Although this book was published in 1992, the authors fully knew then, as many clinicians are discovering today, that diet and supplements are only ONE part of the healing process. All disease is really an opportunity to examine one’ beliefs about life and make changes that will last a lifetime. It also allows one to examine the stress issues that led to the disease. Changing patterns in the subconscious mind is really the root of healing. Often, people who suffer from autoimmune diseases find it hard to love and forgive themselves. I feel that I have a strong intellectual grasp on what I need to do to heal (and have had so for a long time), but as of yet, I have not been able to actually make the deep changes that I need to. Over the course of these next few months and years, I must undertake the hard work of changing my subconscious beliefs about myself and about the world. Before one can heal their illness, they must first heal their life. This is the journey that I am about to embark on.

The Mysterious Disappearance and Death of AT Hiker Geraldine Largay

Geraldine Largay disappeared from the Appalachian Trail in Maine on July 22, 2013. She had planned on meeting her husband at a road crossing the next day. Two years later, her remains were still not found. I had planned on posting this article on a significant piece of information pertaining to her disappearance last July, but did not manage to do so before I was hit with my tremendous fatigue. Here is the article:
Although it is long, it is well worth the read. It goes into depth about the Navy SERE (Survival, Evasion, Resistance and Escape) training school which is located on a large section of property adjacent to the Appalachian Trail for approximately a mile to the north and south of the shelter Gerry was last seen at. (Interestingly, there is also one on the west coast, very close to the PCT in Warner Springs, CA). This school employs psychological and physical torture tactics on its students to prepare them for war scenarios. Participants role play escape, capture, and torture scenarios in the wilderness. Brown writes, “David J. Morris said he underwent SERE training as a lieutenant in 1995. ‘I was hooded, beaten, starved, stripped naked, and hosed down in the December air until I became hypothermic,’ he wrote. ‘When I forgot my prison number, I was strapped to a gurney and made to watch as a fellow prisoner was water-boarded a foot away from me. I will never forget the sound of that young sailor choking, seemingly near death, paying for my mistake’.” Many participants are deprived of sleep, tortured, and confused by the reality of the situation. I do not believe that I was aware of this school or its property during my thru-hike, and after reading this article, I am thankful that I did not know about it then.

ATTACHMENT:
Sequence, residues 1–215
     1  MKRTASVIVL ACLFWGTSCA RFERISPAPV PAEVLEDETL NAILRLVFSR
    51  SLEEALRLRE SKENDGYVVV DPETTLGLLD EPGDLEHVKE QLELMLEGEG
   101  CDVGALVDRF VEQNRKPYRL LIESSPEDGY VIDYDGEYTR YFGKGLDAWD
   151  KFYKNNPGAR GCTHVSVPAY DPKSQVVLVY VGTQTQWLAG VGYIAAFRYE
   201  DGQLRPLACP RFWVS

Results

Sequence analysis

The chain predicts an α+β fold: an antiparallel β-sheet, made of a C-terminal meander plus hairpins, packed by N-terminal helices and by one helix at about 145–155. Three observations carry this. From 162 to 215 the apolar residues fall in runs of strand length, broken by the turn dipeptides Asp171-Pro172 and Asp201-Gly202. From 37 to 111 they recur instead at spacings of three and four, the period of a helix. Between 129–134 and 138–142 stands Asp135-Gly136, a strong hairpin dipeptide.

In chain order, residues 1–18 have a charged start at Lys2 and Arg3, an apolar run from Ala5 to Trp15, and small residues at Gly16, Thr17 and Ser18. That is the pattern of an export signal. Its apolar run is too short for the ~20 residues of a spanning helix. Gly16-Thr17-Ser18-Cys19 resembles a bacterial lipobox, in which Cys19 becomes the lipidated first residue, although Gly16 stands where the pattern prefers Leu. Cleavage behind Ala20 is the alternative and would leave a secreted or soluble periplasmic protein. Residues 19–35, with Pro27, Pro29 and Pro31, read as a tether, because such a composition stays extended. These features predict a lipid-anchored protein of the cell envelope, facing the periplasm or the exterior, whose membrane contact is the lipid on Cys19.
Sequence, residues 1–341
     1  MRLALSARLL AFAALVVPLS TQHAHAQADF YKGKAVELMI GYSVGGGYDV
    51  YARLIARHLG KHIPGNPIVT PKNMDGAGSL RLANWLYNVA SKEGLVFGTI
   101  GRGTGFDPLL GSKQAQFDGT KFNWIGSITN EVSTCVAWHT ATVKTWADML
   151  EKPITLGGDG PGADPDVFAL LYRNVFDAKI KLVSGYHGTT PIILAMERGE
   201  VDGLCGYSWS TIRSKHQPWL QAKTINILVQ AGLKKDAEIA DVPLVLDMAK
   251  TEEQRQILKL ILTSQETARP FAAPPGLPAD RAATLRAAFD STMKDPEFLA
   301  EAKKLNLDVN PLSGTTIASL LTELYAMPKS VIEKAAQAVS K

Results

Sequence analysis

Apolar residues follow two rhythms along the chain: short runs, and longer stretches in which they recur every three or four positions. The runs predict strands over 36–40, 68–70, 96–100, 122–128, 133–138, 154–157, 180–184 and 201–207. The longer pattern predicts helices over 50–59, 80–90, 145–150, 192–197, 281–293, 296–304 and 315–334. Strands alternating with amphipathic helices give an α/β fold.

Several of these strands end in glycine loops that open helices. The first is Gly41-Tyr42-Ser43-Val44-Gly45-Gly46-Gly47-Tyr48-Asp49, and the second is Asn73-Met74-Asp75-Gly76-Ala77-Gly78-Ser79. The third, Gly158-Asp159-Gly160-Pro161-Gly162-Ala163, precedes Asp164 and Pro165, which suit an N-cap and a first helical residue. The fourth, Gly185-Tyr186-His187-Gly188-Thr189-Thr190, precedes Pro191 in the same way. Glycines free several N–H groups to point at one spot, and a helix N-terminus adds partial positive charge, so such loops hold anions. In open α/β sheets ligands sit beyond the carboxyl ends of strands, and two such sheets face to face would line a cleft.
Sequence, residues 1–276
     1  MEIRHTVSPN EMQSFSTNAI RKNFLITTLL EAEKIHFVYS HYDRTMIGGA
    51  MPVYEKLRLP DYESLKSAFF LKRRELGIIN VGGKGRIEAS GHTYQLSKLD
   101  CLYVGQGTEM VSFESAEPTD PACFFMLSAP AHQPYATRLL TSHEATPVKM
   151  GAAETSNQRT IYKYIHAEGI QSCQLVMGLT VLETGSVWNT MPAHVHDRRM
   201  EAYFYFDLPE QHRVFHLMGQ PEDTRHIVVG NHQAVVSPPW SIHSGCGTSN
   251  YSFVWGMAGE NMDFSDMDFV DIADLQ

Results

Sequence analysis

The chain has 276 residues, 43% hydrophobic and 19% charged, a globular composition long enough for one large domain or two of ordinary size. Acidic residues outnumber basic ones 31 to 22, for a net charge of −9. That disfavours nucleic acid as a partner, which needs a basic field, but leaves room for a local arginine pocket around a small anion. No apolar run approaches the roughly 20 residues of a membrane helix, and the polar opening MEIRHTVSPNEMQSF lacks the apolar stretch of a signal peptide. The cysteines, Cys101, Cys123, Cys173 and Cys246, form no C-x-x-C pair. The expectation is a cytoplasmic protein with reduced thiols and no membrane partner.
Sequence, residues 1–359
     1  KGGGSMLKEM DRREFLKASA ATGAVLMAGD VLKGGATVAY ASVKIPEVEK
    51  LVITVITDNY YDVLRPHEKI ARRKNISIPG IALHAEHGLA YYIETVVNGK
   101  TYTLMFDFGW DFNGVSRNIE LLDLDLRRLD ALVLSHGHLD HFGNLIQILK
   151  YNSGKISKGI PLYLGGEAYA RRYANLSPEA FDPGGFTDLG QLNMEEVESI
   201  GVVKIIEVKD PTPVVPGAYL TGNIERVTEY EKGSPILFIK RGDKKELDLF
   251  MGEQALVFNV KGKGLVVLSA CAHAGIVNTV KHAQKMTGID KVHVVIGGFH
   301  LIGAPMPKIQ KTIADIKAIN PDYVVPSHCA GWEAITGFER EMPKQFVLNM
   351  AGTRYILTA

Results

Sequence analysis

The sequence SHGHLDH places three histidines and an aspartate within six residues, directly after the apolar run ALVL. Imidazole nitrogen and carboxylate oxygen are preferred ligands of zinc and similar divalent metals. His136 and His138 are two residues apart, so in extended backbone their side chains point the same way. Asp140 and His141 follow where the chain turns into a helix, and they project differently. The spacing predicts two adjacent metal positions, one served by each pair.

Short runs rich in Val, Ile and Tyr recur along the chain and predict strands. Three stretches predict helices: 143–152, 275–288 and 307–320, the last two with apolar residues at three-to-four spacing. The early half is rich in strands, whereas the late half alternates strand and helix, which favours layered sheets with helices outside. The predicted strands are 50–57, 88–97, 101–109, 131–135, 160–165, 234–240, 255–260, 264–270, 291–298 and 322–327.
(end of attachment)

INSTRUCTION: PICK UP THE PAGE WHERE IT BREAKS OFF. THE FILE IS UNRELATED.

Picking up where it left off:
The article also mentions that a call was placed to the owner of the Stratton Motel, where Gerry and her husband planned to stay on Wednesday night. The unidentified caller said that Gerry would be late. This call is hugely suspicious to me, No other hiker on the AT had seen Gerry after she left the shelter that Monday morning. The previous night and that morning, she was in very high spirits. She had only 8 miles to hike on Monday, and 13.5 on Tuesday. Only someone that played a part in her disappearance would have known that she would not arrive on time (or at all). It is even more suspicious that the Maine Warden Service stated that they knew who the unidentified caller was and then backtracked when pressed. Hutch Brown wrote, “When I asked Lt. Kevin Adam of the Maine Warden Service about this, he said, ‘We’re sure we know who made the phone call, but the verbiage was screwed up.’ After I expressed surprise that they’d identified the caller, Lt. Adam backtracked a bit. ‘I believe we know who made the call,’ he said. ‘A little got lost in translation.’ The caller was reported to have been a female by the Stratton Motel owner.